Why is Sugar So Bad for Your Teeth?

Why sugar is so bad for your teeth

We all know that indulging your sweet tooth too often can lead to cavities and other teeth and gum issues, but do you know why sugar is so bad for your teeth? The natural sugars found in fruits are very different from the refined ones found in candy and ice cream, too. Understanding the many ways sugary foods impact your oral health can make it easier to take better care of your mouth, and even lead to better overall health and less tooth decay.

A Bacteria Bonanza

Our mouths are uniquely suited to handle the foods and drinks we put into our body through a balance of beneficial and harmful bacteria and our saliva. Typically, our saliva can fight against mild tooth decay and prevent the loss of enamel. However, sugary foods create a different scenario. The bacteria in our mouths love these foods and when you eat them, the bacteria feast, creating plaque and producing acid that leads to tooth decay.

Harmful bacteria get an even bigger boost from a dose of sugar by causing gingivitis and gum disease. The sugars attract these tiny bacteria that get to work on damaging your oral health.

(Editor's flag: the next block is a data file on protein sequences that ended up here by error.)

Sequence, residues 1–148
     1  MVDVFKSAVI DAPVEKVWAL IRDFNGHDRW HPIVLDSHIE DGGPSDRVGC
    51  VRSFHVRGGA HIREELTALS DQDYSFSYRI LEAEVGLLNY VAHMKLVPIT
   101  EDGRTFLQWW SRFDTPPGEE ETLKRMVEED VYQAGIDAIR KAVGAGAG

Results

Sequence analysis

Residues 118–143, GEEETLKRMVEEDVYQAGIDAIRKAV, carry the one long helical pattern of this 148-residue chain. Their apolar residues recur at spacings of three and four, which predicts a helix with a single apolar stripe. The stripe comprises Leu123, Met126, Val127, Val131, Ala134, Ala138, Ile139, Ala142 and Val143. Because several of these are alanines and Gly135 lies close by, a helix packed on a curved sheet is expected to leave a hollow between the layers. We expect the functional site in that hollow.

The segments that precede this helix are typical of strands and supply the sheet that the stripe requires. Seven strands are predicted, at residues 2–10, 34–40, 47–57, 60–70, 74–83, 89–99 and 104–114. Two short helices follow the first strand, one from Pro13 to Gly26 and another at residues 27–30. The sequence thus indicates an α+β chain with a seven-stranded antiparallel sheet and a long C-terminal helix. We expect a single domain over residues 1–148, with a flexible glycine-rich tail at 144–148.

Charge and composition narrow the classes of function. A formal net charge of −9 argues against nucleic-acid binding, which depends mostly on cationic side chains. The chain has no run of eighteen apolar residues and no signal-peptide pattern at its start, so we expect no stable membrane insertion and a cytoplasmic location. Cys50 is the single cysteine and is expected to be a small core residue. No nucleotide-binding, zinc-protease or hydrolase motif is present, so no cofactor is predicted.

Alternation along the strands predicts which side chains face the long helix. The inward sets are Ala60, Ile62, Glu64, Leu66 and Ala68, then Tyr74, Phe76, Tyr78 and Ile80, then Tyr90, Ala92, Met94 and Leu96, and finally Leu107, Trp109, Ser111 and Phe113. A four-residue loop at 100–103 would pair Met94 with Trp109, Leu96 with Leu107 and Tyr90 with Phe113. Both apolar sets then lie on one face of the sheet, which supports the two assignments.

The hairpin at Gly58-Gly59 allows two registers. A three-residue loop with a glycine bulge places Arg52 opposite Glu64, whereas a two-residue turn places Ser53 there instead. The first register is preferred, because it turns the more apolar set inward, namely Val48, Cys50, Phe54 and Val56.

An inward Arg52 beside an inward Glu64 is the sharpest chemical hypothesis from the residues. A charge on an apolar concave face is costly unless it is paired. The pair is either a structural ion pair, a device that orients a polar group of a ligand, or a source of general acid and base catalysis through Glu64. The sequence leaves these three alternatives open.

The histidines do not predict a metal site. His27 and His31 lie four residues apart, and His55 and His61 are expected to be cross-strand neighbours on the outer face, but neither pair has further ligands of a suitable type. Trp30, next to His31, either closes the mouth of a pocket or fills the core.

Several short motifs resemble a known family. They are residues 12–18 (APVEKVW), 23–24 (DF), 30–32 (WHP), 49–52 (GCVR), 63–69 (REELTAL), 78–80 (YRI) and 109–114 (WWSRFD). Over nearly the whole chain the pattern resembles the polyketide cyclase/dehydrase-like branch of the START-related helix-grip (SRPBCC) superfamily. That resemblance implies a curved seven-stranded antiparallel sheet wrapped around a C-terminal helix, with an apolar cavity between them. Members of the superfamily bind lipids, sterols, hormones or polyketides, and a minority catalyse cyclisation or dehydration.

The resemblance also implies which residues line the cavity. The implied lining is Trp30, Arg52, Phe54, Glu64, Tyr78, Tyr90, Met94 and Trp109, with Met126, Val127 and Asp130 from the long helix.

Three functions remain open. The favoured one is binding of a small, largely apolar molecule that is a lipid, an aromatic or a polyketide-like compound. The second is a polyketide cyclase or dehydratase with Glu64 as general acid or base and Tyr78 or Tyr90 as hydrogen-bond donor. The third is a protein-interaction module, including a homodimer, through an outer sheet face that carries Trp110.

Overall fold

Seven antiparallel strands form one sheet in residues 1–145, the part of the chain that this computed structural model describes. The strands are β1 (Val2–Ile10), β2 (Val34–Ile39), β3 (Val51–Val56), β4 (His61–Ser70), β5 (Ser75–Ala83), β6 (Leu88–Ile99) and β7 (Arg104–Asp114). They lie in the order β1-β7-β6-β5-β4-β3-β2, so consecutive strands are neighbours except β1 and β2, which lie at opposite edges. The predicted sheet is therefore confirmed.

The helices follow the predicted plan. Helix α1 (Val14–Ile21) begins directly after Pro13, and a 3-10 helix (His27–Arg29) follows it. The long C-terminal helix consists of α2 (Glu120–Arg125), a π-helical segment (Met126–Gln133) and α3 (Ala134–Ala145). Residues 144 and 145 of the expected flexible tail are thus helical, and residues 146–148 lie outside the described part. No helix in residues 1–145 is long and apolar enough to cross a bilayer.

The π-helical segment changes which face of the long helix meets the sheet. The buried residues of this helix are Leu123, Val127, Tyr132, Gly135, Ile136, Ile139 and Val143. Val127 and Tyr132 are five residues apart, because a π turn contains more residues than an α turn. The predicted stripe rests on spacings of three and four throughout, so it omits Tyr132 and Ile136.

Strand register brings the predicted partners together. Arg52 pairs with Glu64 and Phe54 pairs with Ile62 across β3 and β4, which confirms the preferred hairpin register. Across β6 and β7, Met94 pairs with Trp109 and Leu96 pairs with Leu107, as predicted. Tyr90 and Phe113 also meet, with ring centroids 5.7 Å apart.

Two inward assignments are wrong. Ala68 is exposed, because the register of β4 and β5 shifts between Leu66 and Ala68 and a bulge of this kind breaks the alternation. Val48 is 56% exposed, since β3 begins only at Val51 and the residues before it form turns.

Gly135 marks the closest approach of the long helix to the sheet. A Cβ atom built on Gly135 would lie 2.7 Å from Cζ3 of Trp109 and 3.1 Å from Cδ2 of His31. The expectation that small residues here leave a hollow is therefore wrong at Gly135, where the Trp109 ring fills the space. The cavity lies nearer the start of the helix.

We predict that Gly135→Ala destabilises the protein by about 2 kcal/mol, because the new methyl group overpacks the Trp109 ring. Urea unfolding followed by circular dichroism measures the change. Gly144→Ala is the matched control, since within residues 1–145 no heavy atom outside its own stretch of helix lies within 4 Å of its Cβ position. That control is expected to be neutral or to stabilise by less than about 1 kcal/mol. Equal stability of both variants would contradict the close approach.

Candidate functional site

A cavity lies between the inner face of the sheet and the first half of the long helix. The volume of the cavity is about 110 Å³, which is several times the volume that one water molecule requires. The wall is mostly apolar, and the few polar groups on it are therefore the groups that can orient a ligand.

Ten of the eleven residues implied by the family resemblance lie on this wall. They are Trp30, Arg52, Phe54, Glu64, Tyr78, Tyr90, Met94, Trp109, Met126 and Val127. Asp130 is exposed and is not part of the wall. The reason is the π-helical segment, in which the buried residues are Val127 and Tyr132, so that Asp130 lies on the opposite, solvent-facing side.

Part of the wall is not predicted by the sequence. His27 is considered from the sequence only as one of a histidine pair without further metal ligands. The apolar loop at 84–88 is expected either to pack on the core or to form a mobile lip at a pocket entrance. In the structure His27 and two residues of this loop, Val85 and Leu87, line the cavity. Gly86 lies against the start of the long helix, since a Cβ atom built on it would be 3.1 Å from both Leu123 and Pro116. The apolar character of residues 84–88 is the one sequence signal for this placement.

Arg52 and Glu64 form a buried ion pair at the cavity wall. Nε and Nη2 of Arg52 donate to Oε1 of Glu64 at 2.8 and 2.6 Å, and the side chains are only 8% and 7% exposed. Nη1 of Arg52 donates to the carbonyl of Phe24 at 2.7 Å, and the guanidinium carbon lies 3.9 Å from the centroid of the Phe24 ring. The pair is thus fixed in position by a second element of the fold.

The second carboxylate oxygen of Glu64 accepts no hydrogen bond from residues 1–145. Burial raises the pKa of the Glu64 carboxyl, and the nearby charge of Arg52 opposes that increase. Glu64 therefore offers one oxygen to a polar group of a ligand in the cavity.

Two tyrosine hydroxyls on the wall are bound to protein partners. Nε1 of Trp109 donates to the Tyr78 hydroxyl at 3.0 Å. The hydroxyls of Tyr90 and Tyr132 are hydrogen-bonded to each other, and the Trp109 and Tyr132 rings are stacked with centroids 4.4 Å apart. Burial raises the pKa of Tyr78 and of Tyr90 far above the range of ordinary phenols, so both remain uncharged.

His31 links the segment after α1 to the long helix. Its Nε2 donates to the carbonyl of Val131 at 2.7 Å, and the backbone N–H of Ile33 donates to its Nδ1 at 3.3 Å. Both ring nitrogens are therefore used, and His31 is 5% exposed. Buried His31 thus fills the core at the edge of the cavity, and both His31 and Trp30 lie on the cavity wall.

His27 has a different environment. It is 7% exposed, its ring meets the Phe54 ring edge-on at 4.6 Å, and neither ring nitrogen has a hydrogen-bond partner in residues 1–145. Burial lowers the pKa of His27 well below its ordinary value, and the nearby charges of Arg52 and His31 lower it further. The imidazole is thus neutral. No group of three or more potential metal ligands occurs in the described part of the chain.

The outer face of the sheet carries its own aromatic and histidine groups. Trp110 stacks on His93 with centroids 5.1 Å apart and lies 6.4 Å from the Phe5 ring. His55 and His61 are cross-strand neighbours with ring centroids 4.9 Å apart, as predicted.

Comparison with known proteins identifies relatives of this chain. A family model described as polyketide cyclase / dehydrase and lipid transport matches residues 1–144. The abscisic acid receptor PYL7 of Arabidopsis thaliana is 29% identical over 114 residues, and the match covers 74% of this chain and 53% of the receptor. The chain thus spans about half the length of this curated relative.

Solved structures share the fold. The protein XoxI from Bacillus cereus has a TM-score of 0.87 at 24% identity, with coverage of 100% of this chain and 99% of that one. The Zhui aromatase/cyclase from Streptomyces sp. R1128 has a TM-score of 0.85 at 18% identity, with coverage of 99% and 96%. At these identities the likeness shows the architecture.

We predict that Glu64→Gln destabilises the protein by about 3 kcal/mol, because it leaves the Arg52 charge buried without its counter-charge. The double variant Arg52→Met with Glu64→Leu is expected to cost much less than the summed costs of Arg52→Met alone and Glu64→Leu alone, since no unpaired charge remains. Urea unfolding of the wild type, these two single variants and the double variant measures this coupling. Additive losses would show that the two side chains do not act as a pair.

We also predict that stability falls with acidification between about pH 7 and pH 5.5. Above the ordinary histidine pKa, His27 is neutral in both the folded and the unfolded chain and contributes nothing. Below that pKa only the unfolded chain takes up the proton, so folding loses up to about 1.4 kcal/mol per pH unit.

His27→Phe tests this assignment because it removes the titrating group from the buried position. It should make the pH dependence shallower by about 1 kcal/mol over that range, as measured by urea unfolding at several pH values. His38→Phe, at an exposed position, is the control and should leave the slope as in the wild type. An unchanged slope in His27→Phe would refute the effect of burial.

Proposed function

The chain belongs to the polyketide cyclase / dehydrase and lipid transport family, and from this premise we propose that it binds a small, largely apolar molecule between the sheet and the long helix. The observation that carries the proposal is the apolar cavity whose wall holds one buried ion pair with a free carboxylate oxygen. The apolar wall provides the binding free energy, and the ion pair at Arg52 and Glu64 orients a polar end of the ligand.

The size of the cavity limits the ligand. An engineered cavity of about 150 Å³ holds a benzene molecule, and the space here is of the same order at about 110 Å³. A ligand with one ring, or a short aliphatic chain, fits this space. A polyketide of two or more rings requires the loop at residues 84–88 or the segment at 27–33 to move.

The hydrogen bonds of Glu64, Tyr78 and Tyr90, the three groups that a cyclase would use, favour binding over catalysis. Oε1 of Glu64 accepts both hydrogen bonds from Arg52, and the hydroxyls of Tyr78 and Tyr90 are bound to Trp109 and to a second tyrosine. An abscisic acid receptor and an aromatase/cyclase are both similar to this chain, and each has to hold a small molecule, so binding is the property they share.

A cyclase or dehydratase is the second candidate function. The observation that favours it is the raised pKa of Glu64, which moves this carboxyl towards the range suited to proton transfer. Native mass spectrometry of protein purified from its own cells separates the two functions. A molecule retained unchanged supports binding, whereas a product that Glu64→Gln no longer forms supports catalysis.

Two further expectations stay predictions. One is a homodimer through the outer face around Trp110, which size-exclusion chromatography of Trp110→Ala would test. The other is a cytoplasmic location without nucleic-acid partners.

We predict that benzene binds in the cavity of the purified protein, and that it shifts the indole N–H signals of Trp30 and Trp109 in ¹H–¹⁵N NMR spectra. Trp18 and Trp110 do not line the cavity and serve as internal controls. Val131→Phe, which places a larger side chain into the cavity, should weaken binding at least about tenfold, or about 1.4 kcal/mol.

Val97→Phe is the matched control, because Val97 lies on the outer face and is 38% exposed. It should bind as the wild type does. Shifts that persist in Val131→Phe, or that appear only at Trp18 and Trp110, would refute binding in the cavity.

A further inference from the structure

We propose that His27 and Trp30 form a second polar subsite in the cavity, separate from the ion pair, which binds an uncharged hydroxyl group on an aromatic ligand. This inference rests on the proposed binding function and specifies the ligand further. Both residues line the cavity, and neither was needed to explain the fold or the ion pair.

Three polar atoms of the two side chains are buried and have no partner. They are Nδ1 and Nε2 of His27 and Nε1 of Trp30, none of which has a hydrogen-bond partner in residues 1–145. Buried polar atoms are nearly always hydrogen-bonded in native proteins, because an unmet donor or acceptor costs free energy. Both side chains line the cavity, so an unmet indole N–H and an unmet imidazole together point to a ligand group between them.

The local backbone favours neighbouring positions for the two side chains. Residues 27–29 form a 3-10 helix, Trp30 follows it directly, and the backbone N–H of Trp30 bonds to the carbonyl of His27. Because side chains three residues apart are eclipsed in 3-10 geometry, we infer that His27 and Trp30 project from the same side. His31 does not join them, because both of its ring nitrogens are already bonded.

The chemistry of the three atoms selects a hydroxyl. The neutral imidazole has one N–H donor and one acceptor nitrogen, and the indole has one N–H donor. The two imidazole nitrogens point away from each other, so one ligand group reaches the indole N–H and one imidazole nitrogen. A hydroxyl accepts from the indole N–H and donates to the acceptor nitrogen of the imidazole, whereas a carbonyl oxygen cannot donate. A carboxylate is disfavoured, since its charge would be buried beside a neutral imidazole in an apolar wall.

Not All Sugars are Created Equal

There’s sugar in nearly everything we eat, from apples to cookies to processed foods to soda and fruit juice, which makes it nearly impossible to avoid it entirely. Each type of sugar affects the mouth in different ways, too, and not all equally, which is just another reason why sugar is so bad for your teeth.

Every time you consumer sugary foods or drinks, you’re exposing your mouth to the risk of tooth decay, and often our mouths can’t fend off the effects of sugar alone. Solid sugars, for example, leave a sticky residue on your teeth that your saliva can’t remove itself. The more sugary foods you eat, the more time your teeth are exposed to the bad effects of solid sugars. Only brushing, flossing, or rinsing with mouthwash can remove this film.

While candy and processed foods might not be great for your oral health, sugary drinks are even worse. Drinks like soda contain high fructose corn syrup, which wreaks havoc on your entire mouth by coating it in a sticky film that feeds bad bacteria that cause cavities. The addition of acid found in sugary drinks makes them even worse for teeth because it causes irreversible erosion.

Paying attention to your diet can make a big difference in your oral health, but don’t forget that routine cleanings are part of a healthy mouth. Keeping up to date on dental visits is one more tool in the fight against sugar.